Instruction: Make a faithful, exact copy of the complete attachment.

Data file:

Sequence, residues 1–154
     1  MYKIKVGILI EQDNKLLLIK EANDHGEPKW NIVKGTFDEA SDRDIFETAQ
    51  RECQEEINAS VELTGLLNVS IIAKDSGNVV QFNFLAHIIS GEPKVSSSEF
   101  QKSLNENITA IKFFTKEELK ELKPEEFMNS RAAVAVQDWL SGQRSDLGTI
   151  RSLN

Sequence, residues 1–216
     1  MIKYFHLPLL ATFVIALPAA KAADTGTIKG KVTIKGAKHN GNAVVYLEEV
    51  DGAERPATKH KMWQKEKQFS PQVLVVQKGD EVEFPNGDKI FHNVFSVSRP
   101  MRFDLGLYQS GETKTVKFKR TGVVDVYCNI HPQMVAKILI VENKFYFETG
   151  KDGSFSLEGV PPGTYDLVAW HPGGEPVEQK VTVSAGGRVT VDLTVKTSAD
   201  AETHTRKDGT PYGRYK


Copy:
Sequence, residues 1–154
     1  MYKIKVGILI EQDNKLLLIK EANDHGEPKW NIVKGTFDEA SDRDIFETAQ
    51  RECQEEINAS VELTGLLNVS IIAKDSGNVV QFNFLAHIIS GEPKVSSSEF
   101  QKSLNENITA IKFFTKEELK ELKPEEFMNS RAAVAVQDWL SGQRSDLGTI
   151  RSLN

Sequence, residues 1–216
     1  MIKYFHLPLL ATFVIALPAA KAADTGTIKG KVTIKGAKHN GNAVVYLEEV
    51  DGAERPATKH KMWQKEKQFS PQVLVVQKGD EVEFPNGDKI FHNVFSVSRP
   101  MRFDLGLYQS GETKTVKFKR TGVVDVYCNI HPQMVAKILI VENKFYFETG
   151  KDGSFSLEGV PPGTYDLVAW HPGGEPVEQK VTVSAGGRVT VDLTVKTSAD
   201  AETHTRKDGT PYGRYK